Interesting map of the NW Coast of America and the NE Coast of Asia, based upon Jefferys map of 1768. Prior to Cook's 1st Voyage, the English, French and Russians were actively debating the cartography of the region in the North Pacific between Asia and North America. The Russian explorations of the first half of the 18th Century, including those by Behring, Tchirikow and others, had been reported by JN De L'Isle, who had worked with the Russians and was privy to their latest discoveries. The mythical voyages of De Fuca, d'Aguilar and De Font were still very much in evidence in contemporary cartography, as were concepts of a NW Passage, the Sea of the West, River of the West and other vestiges of 16th and 17th Century conjectural/mythical cartography. Following the publication by Buache of his maps on the region, the debate between the French and English was quite fertile, so much so that Diderot dedicated most of his 10 map supplment to the region. This map shows the Jefferys model, including a wide De Fuca based River from Puget Sound to the Atlantic over Hudson's Bay, several significant rivers flowing from the Pacific to the middle of North America, and Jesuit based water passages from the Pacific to the Arctic Seas. A massive approximation of Alaskan Archipelago is shown, along with the Russian discoveries.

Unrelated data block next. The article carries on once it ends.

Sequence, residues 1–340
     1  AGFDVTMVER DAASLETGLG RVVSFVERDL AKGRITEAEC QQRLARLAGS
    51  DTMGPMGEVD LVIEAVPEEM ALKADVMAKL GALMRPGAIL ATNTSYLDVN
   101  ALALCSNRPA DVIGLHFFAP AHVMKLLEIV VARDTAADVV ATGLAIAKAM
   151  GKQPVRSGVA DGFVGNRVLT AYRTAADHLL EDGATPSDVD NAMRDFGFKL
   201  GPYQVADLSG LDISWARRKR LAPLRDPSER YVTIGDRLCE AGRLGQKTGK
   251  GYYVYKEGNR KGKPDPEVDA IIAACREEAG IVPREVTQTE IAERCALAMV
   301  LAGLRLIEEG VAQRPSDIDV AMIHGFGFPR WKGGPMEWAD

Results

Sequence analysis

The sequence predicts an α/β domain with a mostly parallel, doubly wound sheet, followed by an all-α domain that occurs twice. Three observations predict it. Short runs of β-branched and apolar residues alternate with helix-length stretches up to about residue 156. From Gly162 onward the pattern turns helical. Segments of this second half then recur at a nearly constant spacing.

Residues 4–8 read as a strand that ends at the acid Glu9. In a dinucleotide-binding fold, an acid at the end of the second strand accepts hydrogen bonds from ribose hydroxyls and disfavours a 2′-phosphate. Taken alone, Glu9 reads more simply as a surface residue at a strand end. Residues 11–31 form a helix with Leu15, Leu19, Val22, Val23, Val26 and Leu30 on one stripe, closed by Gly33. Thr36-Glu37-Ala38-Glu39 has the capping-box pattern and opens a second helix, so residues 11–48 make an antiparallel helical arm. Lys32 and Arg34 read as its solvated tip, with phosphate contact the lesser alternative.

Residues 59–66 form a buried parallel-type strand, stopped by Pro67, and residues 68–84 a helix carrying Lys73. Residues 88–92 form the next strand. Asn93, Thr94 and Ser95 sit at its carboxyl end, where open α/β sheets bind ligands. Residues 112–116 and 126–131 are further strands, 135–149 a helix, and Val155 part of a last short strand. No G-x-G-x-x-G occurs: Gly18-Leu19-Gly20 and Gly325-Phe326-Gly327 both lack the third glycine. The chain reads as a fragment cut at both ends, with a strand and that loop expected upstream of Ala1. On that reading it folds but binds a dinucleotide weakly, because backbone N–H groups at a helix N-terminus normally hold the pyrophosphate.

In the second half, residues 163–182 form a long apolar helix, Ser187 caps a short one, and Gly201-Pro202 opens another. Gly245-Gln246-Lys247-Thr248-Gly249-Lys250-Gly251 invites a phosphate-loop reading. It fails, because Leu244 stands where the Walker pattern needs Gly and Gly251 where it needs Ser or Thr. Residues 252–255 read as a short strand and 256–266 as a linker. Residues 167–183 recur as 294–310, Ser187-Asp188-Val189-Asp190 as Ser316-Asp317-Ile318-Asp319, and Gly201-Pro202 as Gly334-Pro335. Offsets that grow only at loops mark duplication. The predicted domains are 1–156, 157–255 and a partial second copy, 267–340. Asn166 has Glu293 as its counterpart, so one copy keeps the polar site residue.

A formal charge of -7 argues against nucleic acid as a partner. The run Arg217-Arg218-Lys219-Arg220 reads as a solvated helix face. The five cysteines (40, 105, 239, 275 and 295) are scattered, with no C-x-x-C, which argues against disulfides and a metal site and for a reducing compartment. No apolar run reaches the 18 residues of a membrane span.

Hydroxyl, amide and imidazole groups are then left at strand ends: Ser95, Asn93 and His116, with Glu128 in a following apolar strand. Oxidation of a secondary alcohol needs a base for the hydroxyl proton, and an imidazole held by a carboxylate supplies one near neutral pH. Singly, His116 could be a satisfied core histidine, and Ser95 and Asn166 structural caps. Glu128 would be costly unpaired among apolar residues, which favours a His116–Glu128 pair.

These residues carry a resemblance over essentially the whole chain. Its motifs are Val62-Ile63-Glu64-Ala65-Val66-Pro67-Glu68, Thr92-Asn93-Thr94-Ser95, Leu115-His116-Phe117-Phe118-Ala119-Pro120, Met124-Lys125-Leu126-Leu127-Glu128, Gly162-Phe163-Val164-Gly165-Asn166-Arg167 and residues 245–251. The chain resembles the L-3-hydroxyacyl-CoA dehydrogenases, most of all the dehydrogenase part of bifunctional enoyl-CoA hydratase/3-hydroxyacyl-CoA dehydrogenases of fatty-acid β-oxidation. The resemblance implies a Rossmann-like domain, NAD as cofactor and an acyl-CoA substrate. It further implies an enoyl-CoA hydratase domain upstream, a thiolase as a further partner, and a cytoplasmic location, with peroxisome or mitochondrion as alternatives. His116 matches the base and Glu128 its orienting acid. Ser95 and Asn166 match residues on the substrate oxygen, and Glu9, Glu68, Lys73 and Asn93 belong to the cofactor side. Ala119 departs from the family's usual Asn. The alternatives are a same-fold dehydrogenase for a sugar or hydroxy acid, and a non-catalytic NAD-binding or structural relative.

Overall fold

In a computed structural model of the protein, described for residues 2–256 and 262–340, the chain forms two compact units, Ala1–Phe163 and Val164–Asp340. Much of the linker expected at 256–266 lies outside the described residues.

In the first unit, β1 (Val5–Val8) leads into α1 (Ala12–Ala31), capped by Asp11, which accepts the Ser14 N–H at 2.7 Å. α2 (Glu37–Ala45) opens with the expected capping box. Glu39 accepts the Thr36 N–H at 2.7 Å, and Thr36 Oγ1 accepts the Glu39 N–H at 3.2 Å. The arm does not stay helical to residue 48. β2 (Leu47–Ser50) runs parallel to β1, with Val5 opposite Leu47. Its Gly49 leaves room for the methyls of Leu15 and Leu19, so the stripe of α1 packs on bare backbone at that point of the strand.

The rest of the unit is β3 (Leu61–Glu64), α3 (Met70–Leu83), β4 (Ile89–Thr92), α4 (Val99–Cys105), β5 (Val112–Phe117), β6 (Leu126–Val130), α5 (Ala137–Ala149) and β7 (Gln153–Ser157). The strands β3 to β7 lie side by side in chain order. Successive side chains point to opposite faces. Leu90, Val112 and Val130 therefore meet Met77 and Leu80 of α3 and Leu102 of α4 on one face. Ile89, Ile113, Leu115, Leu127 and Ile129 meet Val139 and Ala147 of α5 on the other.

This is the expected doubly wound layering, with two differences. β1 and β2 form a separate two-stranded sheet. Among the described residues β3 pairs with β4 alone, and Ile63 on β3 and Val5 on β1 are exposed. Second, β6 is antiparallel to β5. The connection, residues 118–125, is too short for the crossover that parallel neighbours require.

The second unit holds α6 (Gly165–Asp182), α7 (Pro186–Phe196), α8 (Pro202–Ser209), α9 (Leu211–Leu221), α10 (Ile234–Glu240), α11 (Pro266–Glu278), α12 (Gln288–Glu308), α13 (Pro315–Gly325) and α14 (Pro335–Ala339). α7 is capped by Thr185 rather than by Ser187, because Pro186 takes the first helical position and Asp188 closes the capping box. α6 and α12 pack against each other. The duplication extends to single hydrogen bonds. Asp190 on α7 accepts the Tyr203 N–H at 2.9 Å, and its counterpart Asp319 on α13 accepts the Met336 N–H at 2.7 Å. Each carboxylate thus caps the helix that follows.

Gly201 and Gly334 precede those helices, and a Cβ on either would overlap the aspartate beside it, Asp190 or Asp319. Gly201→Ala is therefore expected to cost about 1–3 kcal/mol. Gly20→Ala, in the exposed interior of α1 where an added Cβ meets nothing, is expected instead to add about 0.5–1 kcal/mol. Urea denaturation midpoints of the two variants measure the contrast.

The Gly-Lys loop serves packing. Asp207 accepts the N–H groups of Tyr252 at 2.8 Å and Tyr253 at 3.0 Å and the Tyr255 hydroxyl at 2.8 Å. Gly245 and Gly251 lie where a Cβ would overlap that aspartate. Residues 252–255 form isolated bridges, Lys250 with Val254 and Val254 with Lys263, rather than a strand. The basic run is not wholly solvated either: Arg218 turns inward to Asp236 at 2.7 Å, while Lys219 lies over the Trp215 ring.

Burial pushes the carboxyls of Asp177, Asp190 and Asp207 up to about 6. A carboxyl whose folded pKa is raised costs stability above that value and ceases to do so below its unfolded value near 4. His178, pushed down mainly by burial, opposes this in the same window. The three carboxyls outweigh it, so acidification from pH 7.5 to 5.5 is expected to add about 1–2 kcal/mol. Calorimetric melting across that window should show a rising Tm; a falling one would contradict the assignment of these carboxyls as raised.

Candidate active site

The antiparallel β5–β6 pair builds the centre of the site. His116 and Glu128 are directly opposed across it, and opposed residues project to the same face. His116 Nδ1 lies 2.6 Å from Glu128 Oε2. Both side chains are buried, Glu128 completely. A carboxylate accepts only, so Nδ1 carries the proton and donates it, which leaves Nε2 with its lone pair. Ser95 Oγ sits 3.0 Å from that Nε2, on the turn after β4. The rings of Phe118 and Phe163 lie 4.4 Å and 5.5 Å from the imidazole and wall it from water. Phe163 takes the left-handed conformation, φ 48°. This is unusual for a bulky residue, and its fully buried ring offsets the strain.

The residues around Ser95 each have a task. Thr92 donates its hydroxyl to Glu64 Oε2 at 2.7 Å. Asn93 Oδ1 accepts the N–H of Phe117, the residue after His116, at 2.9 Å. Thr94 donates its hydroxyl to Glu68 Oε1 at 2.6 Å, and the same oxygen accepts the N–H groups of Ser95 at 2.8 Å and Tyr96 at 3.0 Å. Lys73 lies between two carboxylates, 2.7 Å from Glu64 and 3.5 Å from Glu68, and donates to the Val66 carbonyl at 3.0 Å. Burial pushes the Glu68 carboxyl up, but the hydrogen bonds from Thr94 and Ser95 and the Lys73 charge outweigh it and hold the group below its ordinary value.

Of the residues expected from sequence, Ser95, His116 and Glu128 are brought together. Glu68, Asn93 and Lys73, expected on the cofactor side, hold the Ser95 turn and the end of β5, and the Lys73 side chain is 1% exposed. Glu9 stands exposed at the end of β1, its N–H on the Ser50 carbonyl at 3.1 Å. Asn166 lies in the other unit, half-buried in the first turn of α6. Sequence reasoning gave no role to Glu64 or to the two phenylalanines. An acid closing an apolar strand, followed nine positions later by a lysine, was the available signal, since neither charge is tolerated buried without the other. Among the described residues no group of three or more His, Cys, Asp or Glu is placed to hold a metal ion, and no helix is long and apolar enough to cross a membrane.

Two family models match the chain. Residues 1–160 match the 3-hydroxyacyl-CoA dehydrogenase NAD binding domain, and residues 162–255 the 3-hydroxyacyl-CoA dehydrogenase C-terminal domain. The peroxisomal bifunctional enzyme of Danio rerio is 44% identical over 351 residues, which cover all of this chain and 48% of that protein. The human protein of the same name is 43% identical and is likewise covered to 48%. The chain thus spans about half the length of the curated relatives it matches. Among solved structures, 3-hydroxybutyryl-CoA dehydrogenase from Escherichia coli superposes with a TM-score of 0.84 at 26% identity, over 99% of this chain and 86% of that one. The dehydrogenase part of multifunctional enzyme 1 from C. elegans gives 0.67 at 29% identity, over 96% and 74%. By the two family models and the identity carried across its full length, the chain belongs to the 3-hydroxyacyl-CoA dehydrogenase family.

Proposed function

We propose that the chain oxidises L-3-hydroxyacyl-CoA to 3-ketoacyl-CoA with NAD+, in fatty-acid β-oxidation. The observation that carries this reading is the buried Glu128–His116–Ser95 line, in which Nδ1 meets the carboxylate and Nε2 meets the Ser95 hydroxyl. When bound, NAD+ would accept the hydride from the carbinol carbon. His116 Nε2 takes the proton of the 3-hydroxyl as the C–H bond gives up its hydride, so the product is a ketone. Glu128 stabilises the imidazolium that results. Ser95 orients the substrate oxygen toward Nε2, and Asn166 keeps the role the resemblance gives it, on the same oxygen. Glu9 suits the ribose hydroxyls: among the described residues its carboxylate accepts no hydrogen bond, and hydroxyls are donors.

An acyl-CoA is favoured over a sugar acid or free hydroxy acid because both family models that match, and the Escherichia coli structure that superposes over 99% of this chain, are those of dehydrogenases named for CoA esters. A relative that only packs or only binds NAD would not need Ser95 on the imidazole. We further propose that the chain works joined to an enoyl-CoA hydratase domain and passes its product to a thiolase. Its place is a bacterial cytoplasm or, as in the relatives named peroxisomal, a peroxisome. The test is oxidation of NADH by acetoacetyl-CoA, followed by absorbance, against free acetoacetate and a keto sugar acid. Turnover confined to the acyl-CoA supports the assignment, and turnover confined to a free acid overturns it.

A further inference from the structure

Gilles Robert de Vaugondy (1688-1766) and Didier Robert de Vaugondy (1723-1786) were influential figures in the realm of 18th-century French cartography. Originating from Paris, their contributions to mapmaking were significant during an era of expansive geographical exploration.
Gilles Robert de Vaugondy entered the world of cartography not through family tradition but through personal interest and the budding opportunities of his time. Born in 1688, he worked during a time when Paris was becoming a central hub for cartographic activities. Gilles often incorporated the latest findings from explorers into his maps, making them sought-after for their contemporary relevance. His connections weren't limited to his immediate circle; he frequently interacted with other key mapmakers, staying updated on the latest techniques and findings.
His son, Didier, was born in 1723 and had the advantage of growing up surrounded by maps and globes. While his father was renowned for maps, Didier made a name for himself in the field of globemaking. His globes were some of the most precise and detailed in France, gaining recognition even among the royalty. In addition to his work in cartography and globemaking, Didier had a keen interest in education, especially after the expulsion of the Jesuits from France. He stepped in to produce geographical educational materials, fulfilling a newfound need.
The maps and globes produced by the Vaugondys remain an enduring testament to the peak of French cartography during the Enlightenment. Their works, characterized by precision and the inclusion of contemporary findings, helped to shape our understanding of the world during a transformative period in European history.